Emerging technologies, like unmanned aerial vehicles, can charm, baffle and vex all at once, in a classic tug-of-war between advocates of innovation and proponents of caution. Shorn of the hype, the performance of drones has yet to live up to expectations. External signals can interfere with their navigation systems, many are not able to sense obstacles or other flying objects, they lack autonomous intelligence to discern their relative position, and they are vulnerable to bad weather conditions. So, those who criticise regulators for not being able to figure out what to do are missing the target. Drone champions themselves haven't figured out sound ways to address technological risks. Hence, giving them unbridled leeway to experiment in live settings would be sheer folly.
In the circumstances, it would be prudent for regulators to take a common-sense approach by heeding all security, safety and privacy concerns while offering novel technologies some room to breathe and grow safely. The challenge is to separate facts (such as the proven ability of man and machine) from fantasy (like equating the future importance of drones with that of personal computers).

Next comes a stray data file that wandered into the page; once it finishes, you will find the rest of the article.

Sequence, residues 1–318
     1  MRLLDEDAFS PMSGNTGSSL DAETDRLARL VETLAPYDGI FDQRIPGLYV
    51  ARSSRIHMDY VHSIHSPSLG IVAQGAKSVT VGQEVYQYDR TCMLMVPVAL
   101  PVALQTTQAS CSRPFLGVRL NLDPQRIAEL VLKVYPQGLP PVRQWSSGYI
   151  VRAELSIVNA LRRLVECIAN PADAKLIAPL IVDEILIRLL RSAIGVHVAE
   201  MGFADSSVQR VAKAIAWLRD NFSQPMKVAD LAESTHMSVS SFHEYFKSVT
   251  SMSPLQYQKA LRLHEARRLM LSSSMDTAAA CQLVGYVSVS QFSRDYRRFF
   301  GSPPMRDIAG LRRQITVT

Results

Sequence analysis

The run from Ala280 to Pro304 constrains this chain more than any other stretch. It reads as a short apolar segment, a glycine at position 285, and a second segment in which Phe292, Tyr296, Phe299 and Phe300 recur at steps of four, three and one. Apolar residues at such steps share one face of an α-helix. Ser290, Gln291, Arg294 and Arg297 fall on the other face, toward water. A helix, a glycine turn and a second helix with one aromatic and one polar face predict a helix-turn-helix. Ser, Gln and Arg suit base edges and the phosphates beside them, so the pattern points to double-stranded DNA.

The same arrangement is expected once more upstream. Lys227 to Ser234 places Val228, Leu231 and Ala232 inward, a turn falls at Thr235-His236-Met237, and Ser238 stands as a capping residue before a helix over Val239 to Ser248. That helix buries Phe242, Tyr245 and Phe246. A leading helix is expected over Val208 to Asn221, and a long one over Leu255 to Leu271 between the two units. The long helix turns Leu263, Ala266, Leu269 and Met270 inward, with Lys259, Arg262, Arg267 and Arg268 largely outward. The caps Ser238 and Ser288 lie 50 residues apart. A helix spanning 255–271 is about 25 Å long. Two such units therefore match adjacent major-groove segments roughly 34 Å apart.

Internet retail giant Amazon has been dreaming of drone delivery and has been granted some scope to run more tests. One can readily conceive of many other uses - in law enforcement, firefighting, search and rescue, monitoring installations, and inspecting and repairing tall structures like bridges and towers. In battle zones, sophisticated drones have been used successfully to hunt down terrorists. But that's a far cry from having mass-produced flying robots routinely deliver pizzas, without crashing into walls, harming people or hurting operators, as reported.
Under the law here, a drone weighing no more than 7kg can be flown without a permit up to a height of 200 feet, if outside 5km of an aerodrome. Photographers and film-makers, predictably, have been quick to use such aircraft, with popular models costing between $1,500 and $6,000. Sans serial numbers, sans registration requirement and sans pilot certification, the thought of such machines buzzing around freely is unnerving - especially after one crashed on the White House lawn and mysterious drones were spotted over a dozen nuclear plants across France.
A review of the regulatory framework governing drones is under way here, alongside efforts by the International Civil Aviation Organisation to develop international standards to regulate such aircraft. Such rules cannot come soon enough to both protect society from potential ills while offering sufficient runway for a new technology to take off.